These days, “love” is in the air. Valentines Day is a big event and a commercial one but what does it mean? People seek affection and togetherness with others to be happy, secured and fulfilled. Nearly all humans desire and long for such a relationship but love is elusive and frequently misunderstood.John Lennon and the Beetles sang “All You Need is Love” but many ask why do we need it and where did it come from?
According to one theory, human love arose from the evolutionary dictate that they who bonded survived. The pleasure of sexuality ensured offspring for early humans but that was not a guarantee of the survival of the species in a dangerous and cruel world where children were at risk. So the brain evolved another pleasurable sensation for emerging humans, a feeling of pleasure when a couple stayed exclusively together. It was not related to sexuality but to an emotional and affectionate bonding as persons.
The monogamous relationship helped the children survive and the family unit to evolve. It gave protection, food and learning. When this bond is absent the parents easily separate and the offspring are at risk. That’s why today the bond of married love must be more than a sexual relationship if it is to last and the children kept safe. It needs a spiritual dimension.
When hunting and gathering for survival gave away to a settled agricultural way of life, food was more secure and the village was born. Emotional bonding became an important element in non-aggression and peaceful survival. Being together as family was valued all the more and celebrated. These values, human feelings and emotions, inspired artistic people to express and celebrate them in even more beautiful art. Greek culture valued human relationships and celebrated the natural emotional attraction between individuals. They called it Eros – a happy attraction and emotional attachment between individuals. This is the love that is celebrated on Valentines Day.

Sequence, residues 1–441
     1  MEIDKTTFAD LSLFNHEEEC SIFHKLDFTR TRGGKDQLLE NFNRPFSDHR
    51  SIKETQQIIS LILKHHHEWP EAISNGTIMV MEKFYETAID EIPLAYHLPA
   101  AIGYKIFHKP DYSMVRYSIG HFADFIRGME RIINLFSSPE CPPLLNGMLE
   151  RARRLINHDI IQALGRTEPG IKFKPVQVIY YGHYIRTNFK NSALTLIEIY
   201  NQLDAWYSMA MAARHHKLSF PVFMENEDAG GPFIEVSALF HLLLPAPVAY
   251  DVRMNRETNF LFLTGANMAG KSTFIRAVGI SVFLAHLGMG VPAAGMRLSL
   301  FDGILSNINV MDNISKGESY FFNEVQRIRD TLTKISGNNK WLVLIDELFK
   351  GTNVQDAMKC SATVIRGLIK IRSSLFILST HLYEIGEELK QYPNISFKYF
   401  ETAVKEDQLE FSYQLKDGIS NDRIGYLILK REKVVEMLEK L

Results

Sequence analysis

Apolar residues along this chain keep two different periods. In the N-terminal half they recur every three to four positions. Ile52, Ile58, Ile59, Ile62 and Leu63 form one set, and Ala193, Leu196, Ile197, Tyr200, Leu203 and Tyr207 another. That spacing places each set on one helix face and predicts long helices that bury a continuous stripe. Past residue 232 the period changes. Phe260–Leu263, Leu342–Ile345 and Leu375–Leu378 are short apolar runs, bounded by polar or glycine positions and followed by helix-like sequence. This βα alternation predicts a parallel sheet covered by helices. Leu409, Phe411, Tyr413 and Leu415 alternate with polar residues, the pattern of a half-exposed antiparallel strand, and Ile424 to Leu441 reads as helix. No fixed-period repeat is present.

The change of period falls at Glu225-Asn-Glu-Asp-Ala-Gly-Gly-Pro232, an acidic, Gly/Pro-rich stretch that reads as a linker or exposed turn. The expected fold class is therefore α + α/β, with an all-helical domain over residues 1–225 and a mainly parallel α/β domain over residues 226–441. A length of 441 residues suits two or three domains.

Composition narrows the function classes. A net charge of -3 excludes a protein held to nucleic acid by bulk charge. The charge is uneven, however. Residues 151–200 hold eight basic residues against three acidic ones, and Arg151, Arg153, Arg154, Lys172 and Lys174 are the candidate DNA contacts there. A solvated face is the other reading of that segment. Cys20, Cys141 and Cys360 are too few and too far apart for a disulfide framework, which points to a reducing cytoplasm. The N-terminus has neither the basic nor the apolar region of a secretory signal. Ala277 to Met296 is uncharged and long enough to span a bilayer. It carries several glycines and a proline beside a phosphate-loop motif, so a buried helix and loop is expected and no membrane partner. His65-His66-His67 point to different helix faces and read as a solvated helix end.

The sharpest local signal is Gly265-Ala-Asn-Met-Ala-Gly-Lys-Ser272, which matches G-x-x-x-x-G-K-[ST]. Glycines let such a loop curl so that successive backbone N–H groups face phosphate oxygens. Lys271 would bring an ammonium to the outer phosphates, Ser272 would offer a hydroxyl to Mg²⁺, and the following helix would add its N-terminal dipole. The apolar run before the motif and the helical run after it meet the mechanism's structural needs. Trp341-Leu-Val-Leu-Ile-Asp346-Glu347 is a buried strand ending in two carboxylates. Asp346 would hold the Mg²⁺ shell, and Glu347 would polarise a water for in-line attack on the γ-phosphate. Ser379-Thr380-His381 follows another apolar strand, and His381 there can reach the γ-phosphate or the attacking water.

They called love, Philo, and they loved wisdom (Sophia) and so we got Philosophy. They taught us to understand the different kinds of love and to nurture and celebrate them. For the Greeks and CS Lewis, (the author of The Four Loves), Eros is different from sexuality. Eros only seeks emotional bonding but it can lead to, or be part of friendship. The philosopher Plato expounded on this and gave us Platonic love.
As Lewis says, if sexuality is added to friendship and Eros as an outward expression of inner feeling (called Venus by Lewis), then it is a very different relationship. Married love is the best and most beautiful expression of this. It has a spiritual dimension that can last a life time.
The Greeks had high regard for friendship; it is a strong bonding between individuals or a small group that arises from the need of individuals to work together for a common goal that could not be achieved alone. Eros, affection or emotional attraction, can also be present strengthening the bond of friendship. Friendship is based on spiritual values; mutual and equal return of trust, equality, honesty, openness, shared values, loyalty, faithfulness and even enduring death for the other. It is a spiritual love between individuals. “No greater love can anyone have than to lay down his life for a friend”, said Jesus of Nazareth.
This can grow to yet another higher form of love – Agape. It is part of friendship but goes beyond it. It is unconditional, self-sacrificing love of others asking nothing in return. The love is expressed in compassion, concern and a desire to end suffering, help needy people and bring about justice and happiness in the world. The Gospel story of the good Samaritan is one example and the self-sacrificing acts of redemptive love of the individual dying for the many so they will be saved from evil is another. Jesus of Nazareth gave us the example.
That is God’s love made present in Him.
[quote font=”0″ arrow=”yes”]Guest Columnist: Fr. Shay Cullen[/quote]